Gomez v. Rockwater Energy Solutions, Inc., No. 4:2016cv02035 - Document 16 (S.D. Tex. 2017)

Court Description: MEMORANDUM OPINION AND ORDER DENYING 13 MOTION to Certify Class. (Signed by Judge Gray H Miller) Parties notified.(rkonieczny, 4)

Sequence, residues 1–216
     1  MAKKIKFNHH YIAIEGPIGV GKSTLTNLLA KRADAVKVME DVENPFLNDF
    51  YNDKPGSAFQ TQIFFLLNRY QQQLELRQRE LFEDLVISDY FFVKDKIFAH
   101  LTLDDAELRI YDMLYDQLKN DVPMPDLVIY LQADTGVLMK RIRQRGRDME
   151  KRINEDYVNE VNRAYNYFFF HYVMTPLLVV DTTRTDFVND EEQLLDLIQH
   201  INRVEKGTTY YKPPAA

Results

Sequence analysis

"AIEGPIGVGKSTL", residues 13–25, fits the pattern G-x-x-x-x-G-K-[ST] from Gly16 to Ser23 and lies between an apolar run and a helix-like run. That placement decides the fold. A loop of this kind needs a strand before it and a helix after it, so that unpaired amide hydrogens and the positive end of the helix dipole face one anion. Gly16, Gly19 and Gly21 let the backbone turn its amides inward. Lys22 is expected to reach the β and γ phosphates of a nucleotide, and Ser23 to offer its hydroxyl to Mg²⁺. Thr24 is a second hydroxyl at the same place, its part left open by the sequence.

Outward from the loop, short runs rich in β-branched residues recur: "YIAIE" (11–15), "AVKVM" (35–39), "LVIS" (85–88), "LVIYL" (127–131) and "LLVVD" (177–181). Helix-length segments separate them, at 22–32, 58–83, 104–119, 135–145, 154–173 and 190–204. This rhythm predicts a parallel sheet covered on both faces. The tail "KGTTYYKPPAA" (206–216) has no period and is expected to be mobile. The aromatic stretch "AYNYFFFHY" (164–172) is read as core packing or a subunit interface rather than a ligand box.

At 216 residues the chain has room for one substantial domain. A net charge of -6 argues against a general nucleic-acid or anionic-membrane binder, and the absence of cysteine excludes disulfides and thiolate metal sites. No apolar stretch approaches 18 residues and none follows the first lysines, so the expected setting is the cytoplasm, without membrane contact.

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Gomez v. Rockwater Energy Solutions, Inc. Doc. 16 Case 4:16-cv-02035 Document 16 Filed in TXSD on 02/15/17 Page 1 of 7 United States District Court Southern District of Texas ENTERED UNITED STATES DISTRICT COURT SOUTHERN DISTRICT OF TEXAS HOUSTON DIVISION RENE GOMEZ, individually and on behalf of others similarly situated, Plaintiff, v. ROCKWATER ENERGY SOLUTIONS, INC., ROCKWATER MID-CON, LLC, Defendants. § § § § § § § § § § § February 15, 2017 David J. Bradley, Clerk CIVIL ACTION H-16-2035 MEMORANDUM OPINION & ORDER Pending before the court is plaintiff Rene Gomez’s motion for conditional certification. Dkt. 13. Having considered the motion, response, and the applicable law, the court is of the opinion that the motion should be DENIED. I. BACKGROUND Defendants Rockwater Energy Solutions, Inc. and Rockwater Mid-Con, LLC (collectively, “Defendants”) provide oil and gas services. Dkt. 13. Defendants hired Gomez as a well tester and he began working for Defendants from April 2011 until July 2014. Dkt. 13, Ex. 1 at 1 (Gomez Dec.). Gomez’s job duties included: waiting during fracturing operations in case it was necessary to flow back the well and checking well head pressures after the fracking operation was completed; adjusting the flow back chokes to maintain a certain rate of flow back fluids after fracking operations; maintaining flow rates during the drill out process for plugs in the well and check to verify that the plug catcher would not get obstructed; monitoring and verifing [sic] the flow from the well until there was enough gas to run production equipment after plugs were drilled out; assisting in rigging of sand separators brought to locations by Rockwater in the flowback process; opening the valves to production equipment and adjusting the manual choke for flow rate after there was enough gas to run production equipment; monitoring the separating equipment, tanks and monitor compressors, if on location; and assisting in rigging Dockets.Justia.com Case 4:16-cv-02035 Document 16 Filed in TXSD on 02/15/17 Page 2 of 7 up and rigging down equipment on occassion [sic]. Other well testers had the same or similar job duties. Id. Gomez worked for Defendants in Texas and Oklahoma. Id. He alleges that during his time with Defendants, he worked in excess of forty hours per week and was misclassified as exempt from receiving overtime compensation. Dkts. 11, 13. Gomez claims that he submitted invoices to Rockwater Mid-Con. Id. He also claims that Defendants misclassified him as an independent contractor. Id. On July 11, 2016, Gomez filed suit against Rockwater Energy Solutions, Inc. to recover overtime wages under the Fair Labor and Standards Act (“FLSA”) and later amended the complaint to name Rockwater Mid-Con, LLC as an additional defendant. 29 U.S.C. § 201; Dkts. 1, 11. Gomez filed the lawsuit both individually and on behalf of other similarly situated persons. Id. On December 29, 2016, Gomez filed the pending motion for conditional certification of a collective action under the FLSA. Dkt. 13. He seeks conditional certification of a collective action defined as: All current and former employees of Defendants Rockwater Energy Solutions, Inc., Rockwater Mid-Con, LLC and/or predecessor companies of said entities, that held positions as well testers, or held similar job positions that included similar job duties, from July 11, 2013, through the present. Dkt. 13 at 9. On January 19, 2017, Defendants filed a response in opposition to conditional certification, and in the alternative, to limit the proposed notice to well workers who operated during the same time and in the same geographic location as Gomez. Dkt. 15. II. LEGAL STANDARD Section 207(a) of the FLSA prohibits an employer from requiring nonexempt employees to work in excess of forty hours in a given workweek unless the employees are compensated for the excess hours at a rate of at least one and one-half times their regular rate. 29 U.S.C. § 207 (2012). 2 Case 4:16-cv-02035 Document 16 Filed in TXSD on 02/15/17 Page 3 of 7 Section 216(b) provides employees with a cause of action against employers who violate § 207. Id. § 216(b). Further, § 216(b) permits employees to bring collective actions on behalf of “themselves and other employees similarly situated.” Id. Before a case may proceed as a collective action, however, the plaintiff must make an initial showing that the case is appropriate for collective action treatment. Courts employ two different tests to determine whether to certify a collective action under the FLSA: the spurious class action Shushan approach or the two-step Lusardi approach. Walker v. Honghua Am., LLC, 870 F. Supp. 2d 462, 465 (S.D. Tex. 2012) (Ellison, J.). See generally Shushan v. Univ. of Colo. at Boulder, 132 F.R.D. 263 (D. Colo. 1990); Lusardi v. Xerox Corp., 118 F.R.D. 351 (D.N.J. 1987). The Fifth Circuit has declined to decide which test is preferable. Roussell v. Brinker Int’l, Inc., 441 F. App’x 222, 226 (5th Cir. 2011); Mooney v. Aramco Servs. Co., 54 F.3d 1207, 1216 (5th Cir. 1995), overruled on other grounds by Desert Palace, Inc. v. Costa, 539 U.S. 90, 123 S. Ct. 2148 (2003). District courts within the Fifth Circuit, including this court, have consistently applied the Lusardi test. See Johnson v. Big Lots Stores, Inc., No. 04-CV-3201, 2007 WL 5200224, at *3 (E.D. La. Aug. 21, 2007) (“Since Mooney district courts in the Fifth Circuit have uniformly used [the Lusardi approach] to determine whether a collective [action] should be certified under the FLSA.”); see also Abdur-Rahim v. Amerom, Inc., No. 13-CV-2105, 2013 WL 6078955, at *2 (S.D. Tex. Nov. 19, 2013) (Miller, J.) (noting that this court has adopted the Lusardi test). The court finds no reason to deviate from this precedent and will therefore apply the Lusardi test here. The Lusardi test proceeds in two stages: (1) the “notice” stage and (2) the “decertification” stage. Moore v. Special Distribution Servs. Inc., No. 06-CV-3946, 2007 WL 2318478, at *2 (S.D. Tex. Aug. 8, 2007) (Harmon, J.). At the notice stage, the court determines whether to conditionally certify a collective action and notify potential class members of the opportunity to opt in to the 3 Case 4:16-cv-02035 Document 16 Filed in TXSD on 02/15/17 Page 4 of 7 lawsuit. Walker, 870 F. Supp. 2d at 465. The plaintiff is required to make a minimal showing that “(1) there is a reasonable basis for crediting the assertions that aggrieved individuals exist, (2) that those aggrieved individuals are similarly situated to the plaintiff in relevant respects given the claims and defenses asserted, and (3) that those individuals want to opt in to the lawsuit.” Aguirre v. SBC Commc’ns, Inc., No. 05-CV-3198, 2006 WL 964554, at *6 (S.D. Tex. Apr. 11, 2006) (Rosenthal, J.). At the notice stage, the parties typically present only affidavits and have conducted no discovery. McKnight v. D. Hous., Inc., 756 F. Supp. 2d 794, 802 (S.D. Tex. 2010) (Rosenthal, J.). However, in some cases, such as this case, the parties have taken some discovery. Id. In deciding whether to issue notice to potential class members, the court applies a lenient standard which typically results in conditional certification. See Walker, 870 F. Supp. 2d at 465 (noting that collective actions are generally favored under the FLSA). However, conditional certification is not automatic. Ali v. Sugarland Petroleum, No. 09-CV-0170, 2009 WL 5173508, at *5 (S.D. Tex. Dec. 22, 2009) (Ellison, J.). “A factual basis for the allegations is needed to satisfy the first step.” Perez v. Guardian Equity Mgmt., LLC, No. 10-CV-0196, 2011 WL 2672431, at *4 (S.D. Tex. July 7, 2011) (Rosenthal, J.); see also Hall v. Burk, No. 01-CV-2487, 2002 WL 413901, at *3 (N.D. Tex. Mar. 11, 2002) (“Unsupported assertions of widespread violations are not sufficient to meet Plaintiff’s burden.”). If the court conditionally certifies the class and issues notice, the case proceeds as a collective action during discovery. Walker, 870 F. Supp. 2d at 466. The decertification stage begins when the defendant moves to decertify the conditionallycertified class, usually after discovery is largely complete. Mooney, 54 F.3d at 1214. At this stage, the court reviews the information obtained during discovery and makes a factual determination regarding whether the members of the conditionally-certified class are truly similarly situated. Id. The plaintiff’s burden is more stringent at the decertification stage than at the lenient notice stage. 4 Case 4:16-cv-02035 Document 16 Filed in TXSD on 02/15/17 Page 5 of 7 McKnight, 756 F. Supp. 2d at 802. If the claimants are similarly situated, the case proceeds to trial as a collective action. Mooney, 54 F.3d at 1214. If the claimants are not similarly situated, the court decertifies the collective action and dismisses the opt-in plaintiffs without prejudice. Id. The original plaintiffs then proceed to trial on their individual claims. Id. Although the parties in this case have engaged in some written discovery, discovery does not close until April 15, 2017. Dkts. 8, 9. Therefore, this case is not sufficiently advanced to warrant a decertification-stage analysis. Neither party has argued that the heightened, decertification-stage analysis should apply. Accordingly, the court will apply the Lusardi notice stage inquiry. III. ANALYSIS At the notice stage Plaintiffs must make a minimal showing that “(1) there is a reasonable basis for crediting the assertions that aggrieved individuals exist, (2) that those aggrieved individuals are similarly situated to the plaintiff in relevant respects given the claims and defenses asserted, and (3) that those individuals want to opt in to the lawsuit.” Aguirre, 2006 WL 964554, at *6; see also Ashcraft v. Core Labs., LP, No. CV H-16-823, 2016 WL 3258369, at *1 (S.D. Tex. June 14, 2016) (Miller, J.). The court is not persuaded that Gomez has satisfied the last prong that there are individuals who want to opt in to the suit. Gomez alleges that there are at least fifteen well testers working for Defendants in Texas and Oklahoma who performed similar duties and were subject to the same compensation scheme. Dkt. 13, Ex. 1 (Gomez Dec.). He alleges that all of these well testers were non-exempt employees under the FLSA, requiring the Defendants to pay overtime compensation for any hours worked in excess of forty per week. Id. In support of his motion for conditional certification, Gomez relies solely on his own declaration. Dkt. 13, Ex. 1 (Gomez Dec.). Defendants argue that Gomez’s declaration fails to 5 Case 4:16-cv-02035 Document 16 Filed in TXSD on 02/15/17 Page 6 of 7 establish that the putative class members were subject to a similar practice or policy at all of Defendants’ locations; to which no other declarations were submitted to substantiate his allegations. Dkt. 15 at 11. The court is unpersuaded by Gomez’s conclusory statement that there are other aggrieved individuals who want to opt in to the suit. See Simmons v. T-Mobile USA, Inc., No. 06-CV-1820, 2007 WL 210008, at *9 (S.D. Tex. Jan. 24, 2007) (Atlas, J.) (requiring only that “a few similarly situated individuals seek to join the lawsuit”) (emphasis added). In another case, this court granted conditional certification after the plaintiff claimed the existence of fifteen named plaintiffs and at least three unnamed plaintiffs. Plaintiffs have also provided at least a minimal basis for their assertions that other [workers] would wish to join the lawsuit if they knew of it; while plaintiffs’ affidavits do contain some “boilerplate” language, they specifically name [workers] who were known by the declarants to have worked overtime without being paid at an overtime rate. Albanil v. Coast 2 Coast, Inc., No. CIV.A. H-08-486, 2008 WL 4937565, at *6 (S.D. Tex. Nov. 17, 2008). Unlike in Albanil, Gomez merely states that he knows of other well testers, but does not identify any by name or indicate whether they would be interested in joining a suit: On information and belief, Plaintiff Rene Gomez is aware of at least fifteen other well testers employed by Defendants who were labeled as independent contractors, misclassified as to employment status and were not paid overtime compensation. Exhibit A at ¶ 9. Additionally, Defendants misclassified similar employees with the same policy and failed to pay them overtime in Oklahoma and Texas. Exhibit A at ¶ 10. Thus, similarly situated employees exist that may wish to join this action - if they receive notice. Plaintiff therefore request permission to issue a notice . . . Dkt. 13 at 9. At the notice stage, evidence need not be admissible at trial, but there should be at least “some evidence.” Albanil, 2008 WL 4937565, at *3; see, e.g., Lee v. Metrocare Servs., 980 F. Supp. 2d 754, 759–61 (N.D. Tex. 2013) (“Plaintiffs need not present evidence in a form admissible at trial 6 Case 4:16-cv-02035 Document 16 Filed in TXSD on 02/15/17 Page 7 of 7 at the notice stage.”); Nguyen v. Versacom, LLC, No. 3:13-CV-4689-D, 2015 WL 1400564, at *3 (N.D. Tex. Mar. 27, 2015) (“[M]any courts . . . have held that affidavits or declarations offered in support of motions for conditional certification need not be based on evidence that would be admissible at trial.”). In his declaration, Gomez does not state, or offer any evidence that anyone else wants to opt in to this lawsuit. Therefore, his declaration alone does not satisfy the required “minimal showing” that others are interested in joining the lawsuit. Because Gomez has failed to satisfy the third prong, it is unnecessary for the court to decide whether he has satisfied the first and second prongs. Accordingly, the court cannot conditionally certify the class based on the record. III. CONCLUSION For the foregoing reasons, Gomez’s motion to conditionally certify a collective action and send notice to the putative class (Dkt. 13) is DENIED. Signed at Houston, Texas on February 15, 2017. ___________________________________ Gray H. Miller United States District Judge 7